Thermal Runaway:

Thermal runaway represents a severe form of failure in lead acid batteries. When there's too much charging current due to an internal short or incorrect charging settings, heat increases resistance, which in turn generates more heat, spiraling up. Until the heat generated within a battery exceeds its capacity to cool down, thermal runaway occurs, causing the battery to dry up, ignite, or melt.

To combat this, several strategies exist to detect and prevent thermal runaway at its onset. One widely used method is temperature-compensated charging. As the temperature rises, the charging voltage is automatically reduced, and eventually, charging stops if necessary. This approach relies on temperature sensors placed on the battery cells to monitor heat levels.  While some UPS systems and external chargers offer this feature, often, the crucial temperature sensors are optional.


Both vented and VRLA batteries are susceptible to water loss. This dehydration can lead to diminished capacity and reduced battery life, emphasizing the need for regular maintenance checks. Vented batteries continuously lose water through evaporation. They are designed with visible indicators to check the electrolyte levels and easily refill water when needed.

Valve-Regulated Lead-Acid (VRLA) batteries contain much less electrolyte compared to vented types, and their casing is typically not transparent, making internal inspection challenging. Ideally, in VRLA batteries, the gasses produced from evaporation (hydrogen and oxygen) should recombine back into water within the unit. Yet, under conditions of excessive heat or pressure, the VRLA's safety valve might expel gas. While an infrequent release is normal and generally harmless, continuous gas expulsion is problematic. The loss of gases leads to irreversible dehydration of the battery, contributing to why VRLA batteries generally have a lifespan about half that of traditional flooded batteries (VLA).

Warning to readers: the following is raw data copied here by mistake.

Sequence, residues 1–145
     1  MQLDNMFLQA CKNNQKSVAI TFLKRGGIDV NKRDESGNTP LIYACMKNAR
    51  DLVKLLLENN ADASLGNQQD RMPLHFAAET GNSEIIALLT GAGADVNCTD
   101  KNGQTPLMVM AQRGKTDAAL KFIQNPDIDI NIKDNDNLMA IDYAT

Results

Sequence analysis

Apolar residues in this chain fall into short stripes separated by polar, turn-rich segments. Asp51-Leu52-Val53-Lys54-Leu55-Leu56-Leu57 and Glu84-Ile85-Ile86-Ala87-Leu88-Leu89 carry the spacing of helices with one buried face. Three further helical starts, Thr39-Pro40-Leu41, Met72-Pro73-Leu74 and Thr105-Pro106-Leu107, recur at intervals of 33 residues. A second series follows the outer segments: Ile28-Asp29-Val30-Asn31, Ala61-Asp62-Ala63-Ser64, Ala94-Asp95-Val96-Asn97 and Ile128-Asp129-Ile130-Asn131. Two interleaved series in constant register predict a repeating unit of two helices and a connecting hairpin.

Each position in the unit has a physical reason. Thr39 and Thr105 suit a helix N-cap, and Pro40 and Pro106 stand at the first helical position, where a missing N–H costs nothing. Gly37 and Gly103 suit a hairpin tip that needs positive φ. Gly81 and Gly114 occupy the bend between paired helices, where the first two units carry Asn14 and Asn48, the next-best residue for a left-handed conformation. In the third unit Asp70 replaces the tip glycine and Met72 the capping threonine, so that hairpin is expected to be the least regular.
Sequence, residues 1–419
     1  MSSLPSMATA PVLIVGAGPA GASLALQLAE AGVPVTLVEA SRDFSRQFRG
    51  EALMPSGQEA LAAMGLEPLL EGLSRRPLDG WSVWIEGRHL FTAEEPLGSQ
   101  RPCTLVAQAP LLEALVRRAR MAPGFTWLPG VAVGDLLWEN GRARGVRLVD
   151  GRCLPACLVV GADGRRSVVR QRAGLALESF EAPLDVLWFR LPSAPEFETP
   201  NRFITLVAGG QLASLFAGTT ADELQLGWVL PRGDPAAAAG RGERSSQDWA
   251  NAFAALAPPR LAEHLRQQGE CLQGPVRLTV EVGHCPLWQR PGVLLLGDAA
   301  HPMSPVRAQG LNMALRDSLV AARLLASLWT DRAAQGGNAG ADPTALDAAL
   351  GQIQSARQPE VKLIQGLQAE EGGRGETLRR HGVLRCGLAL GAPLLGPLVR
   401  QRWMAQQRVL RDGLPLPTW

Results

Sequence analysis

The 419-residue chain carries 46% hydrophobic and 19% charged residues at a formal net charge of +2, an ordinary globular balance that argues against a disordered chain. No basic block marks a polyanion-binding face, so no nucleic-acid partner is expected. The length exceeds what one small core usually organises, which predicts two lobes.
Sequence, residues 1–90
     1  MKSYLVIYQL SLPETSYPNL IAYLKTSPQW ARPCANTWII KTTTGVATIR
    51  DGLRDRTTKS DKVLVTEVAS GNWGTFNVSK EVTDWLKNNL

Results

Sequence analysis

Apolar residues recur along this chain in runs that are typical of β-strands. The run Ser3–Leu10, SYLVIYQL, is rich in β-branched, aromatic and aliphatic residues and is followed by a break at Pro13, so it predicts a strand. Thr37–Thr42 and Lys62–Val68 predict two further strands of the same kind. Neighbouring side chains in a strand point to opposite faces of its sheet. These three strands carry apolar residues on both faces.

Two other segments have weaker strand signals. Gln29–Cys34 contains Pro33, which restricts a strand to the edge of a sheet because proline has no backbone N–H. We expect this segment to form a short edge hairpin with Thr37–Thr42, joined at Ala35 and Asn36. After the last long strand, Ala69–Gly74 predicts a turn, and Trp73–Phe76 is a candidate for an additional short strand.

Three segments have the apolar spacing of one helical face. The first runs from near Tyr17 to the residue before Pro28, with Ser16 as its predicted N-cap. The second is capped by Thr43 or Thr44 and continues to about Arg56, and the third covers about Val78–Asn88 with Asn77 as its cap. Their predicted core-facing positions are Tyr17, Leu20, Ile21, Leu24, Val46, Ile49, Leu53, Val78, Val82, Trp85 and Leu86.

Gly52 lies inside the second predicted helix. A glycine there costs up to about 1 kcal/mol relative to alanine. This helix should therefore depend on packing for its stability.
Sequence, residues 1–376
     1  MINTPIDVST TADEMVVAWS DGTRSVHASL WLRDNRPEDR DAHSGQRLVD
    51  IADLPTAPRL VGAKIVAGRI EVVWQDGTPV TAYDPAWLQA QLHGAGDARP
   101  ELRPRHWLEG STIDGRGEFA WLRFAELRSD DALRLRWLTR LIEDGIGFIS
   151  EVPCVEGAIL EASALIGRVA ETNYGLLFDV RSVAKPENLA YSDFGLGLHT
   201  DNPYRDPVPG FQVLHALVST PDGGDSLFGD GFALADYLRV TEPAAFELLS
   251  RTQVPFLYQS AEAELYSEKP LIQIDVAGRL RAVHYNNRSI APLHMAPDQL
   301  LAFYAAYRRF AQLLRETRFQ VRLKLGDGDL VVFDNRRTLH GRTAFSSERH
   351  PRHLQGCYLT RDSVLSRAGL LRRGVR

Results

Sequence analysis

Impurities within the battery electrolyte can severely impact performance. Regular checks and maintenance are vital, particularly for older or improperly maintained batteries, to avoid contamination-related issues. In Valve-Regulated Lead Acid (VRLA) batteries, the contamination of the electrolyte is an infrequent occurrence, often arising from manufacturing defects. However, contamination concerns are more prevalent in Vented Lead Acid (VLA) batteries, especially when water is added periodically to the electrolyte. Using impure water, like tap water instead of distilled water, can lead to contamination. Such contamination can significantly contribute to lead acid battery failure and should be diligently avoided to ensure battery performance.


In VRLA batteries, catalysts can significantly enhance the recombination of hydrogen and oxygen, reducing the effects of drying out and thereby prolongs its lifespan. In some cases, catalysts can be installed after purchase as an additional accessory and may even help revitalize an older battery. However, it's important to proceed with caution; any field modifications carry risks like potential human error or contamination. Such alterations should only be undertaken by technicians with specific factory training to avoid failure to go into battery.


The premature failure of lead-acid batteries can be largely mitigated through proper understanding, monitoring, and maintenance. By recognizing the signs of potential issues like overcharging, undercharging, and thermal runaway, the life of VRLA batteries can be significantly extended. For those seeking further information and guidance, Dfun Tech provides comprehensive insights and solutions for maintaining the health and efficiency of lead-acid batteries. Understanding the intricate balance of physical and chemical factors that impact battery performance is crucial for anyone relying on these critical power backup systems.